A Culinary Tour of the Dominican Republic

A culinary tour of the Dominican Republic

The occasional visitor could be forgiven for thinking that because the Dominican Republic is a small country we have no regional cuisines. Up to a point, this is not far from the truth, but to any Dominican it is obvious that each region is best known for certain dishes.

Follow us in a culinary tour.

A culinary tour of the Dominican Republic

The northwestern region of the Dominican Republic, known to Dominicans as “La Linea” (the border) is an area with impressive coasts, beautiful beaches of golden sand, tropical desert forests, cacti and mesquite covered hills and salt plains.

Chivo guisado

Oregano grows wild in the area and the large goat population that feeds on it, allegedly seasoning themselves as they walk and breathe, are the best known part of its cuisine. The flagship dish of the northwest is chivo liniero (or picante), a dish consisting of braised, spicy goat seasoned with aromatic herbs and abundant oregano.

In the coastal area there is a small but important fishing industry. Seafood dishes, especially lambí (conch) are very popular.

Valle del Cibao

The northern region shares some dishes with the Cibao valley (the central part of the island). The valley is an agricultural region, with fertile land, majestic mountains and a moderate climate. Dishes like guanimo and buch’e perico are best known and loved here and it’s not rare to find that here some dishes are known by different names than the rest of the country. Such is the case of maíz caquiao, known in the south as chacá.

Quipes (bulgur rolls)

Santo Domingo and the southeast have always been a magnet for immigrants, which has left an imprint on the region’s cuisine. At the end of the ninetieth century a wave of immigrants from the Middle East arrived on our shores and settled mainly in San Pedro de Macorís and Santo Domingo.  Kipes and tipili are descendants of the Lebanese kibbeh and tabouleh. Our niños envueltos and arroz con fideos evolved from the Egyptian malfouf mahshi and ruz bil shereya respectively.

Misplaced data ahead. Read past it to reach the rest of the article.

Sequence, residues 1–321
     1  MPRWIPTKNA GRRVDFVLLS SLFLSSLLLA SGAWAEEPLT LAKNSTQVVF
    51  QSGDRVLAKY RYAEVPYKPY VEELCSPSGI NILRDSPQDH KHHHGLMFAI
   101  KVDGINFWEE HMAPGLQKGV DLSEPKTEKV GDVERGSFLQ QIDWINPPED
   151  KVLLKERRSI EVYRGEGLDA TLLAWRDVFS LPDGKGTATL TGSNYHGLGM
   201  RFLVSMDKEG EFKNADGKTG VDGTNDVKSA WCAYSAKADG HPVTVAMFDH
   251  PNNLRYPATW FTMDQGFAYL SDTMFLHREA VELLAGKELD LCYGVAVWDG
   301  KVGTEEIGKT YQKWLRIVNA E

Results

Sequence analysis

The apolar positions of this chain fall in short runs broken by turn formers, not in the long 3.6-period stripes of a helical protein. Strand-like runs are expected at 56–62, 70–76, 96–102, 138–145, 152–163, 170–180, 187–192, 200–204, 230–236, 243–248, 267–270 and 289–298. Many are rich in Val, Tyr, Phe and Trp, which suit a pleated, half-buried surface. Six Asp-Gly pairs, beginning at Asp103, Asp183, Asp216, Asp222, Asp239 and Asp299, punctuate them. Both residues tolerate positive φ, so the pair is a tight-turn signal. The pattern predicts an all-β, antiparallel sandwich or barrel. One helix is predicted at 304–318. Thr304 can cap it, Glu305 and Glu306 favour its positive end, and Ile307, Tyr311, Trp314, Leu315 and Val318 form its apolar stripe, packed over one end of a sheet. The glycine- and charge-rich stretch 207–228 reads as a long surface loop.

Another group of immigrants who settled in the southeast was the “cocolos”, freed slaves from the British Caribbean, and who gave San Pedro guavaberry, an alcoholic beverage, and joohnny cake, which we turned into yaniqueques.


The southwestern cuisine bears the imprint of our African ancestors. Dishes like chambre, chacá and chenchén originated in this region. The first one is a bean-based stew, the second and third are corn-based dishes, sweet and savory, respectively.

Pescado con coco (Fish in coconut sauce)

The beautiful Samaná peninsula, impressive and long-ago coveted by many an empire, yet it lived in isolation until relatively recently. With coconut groves that extend as far as the eye can see, it’s not surprising coconut is a fundamental part of its cuisine.

Pescado con coco and moro de guandules con coco have become favorites nationwide. In our trips there we also “discovered” the delicious pan de coco, a dish we hope will also become known throughout the rest of the country.

We invite you to discover our land and to enjoy this important aspect of our culture.

Aunt Clara



  1. Mayerling Fermin

    Really good article about our Dominican cuisine and its regions. The truth is that we eat many of our dishes but sometimes don’t know where they originated from.

  2. Jose Peralta

    You have just made me soo hungry that I will put on my apron and make a few of those dishes today! BTW Samana’s Pan de Coco was one of the most amazing things about visiting that region. Both the sweet and savory versions of it were delicious but very short lasting as I realized that the abundant supply I brought back to Santiago didn’t make it through the night in my house.

  3. Nellie pickett Castillo

    very good,I love this and I live in Dominican,I have my grandson he’s a chef in Florida and loves to make Dominican food,where can I buy this book?

Leave a Reply

Your email address will not be published. Required fields are marked *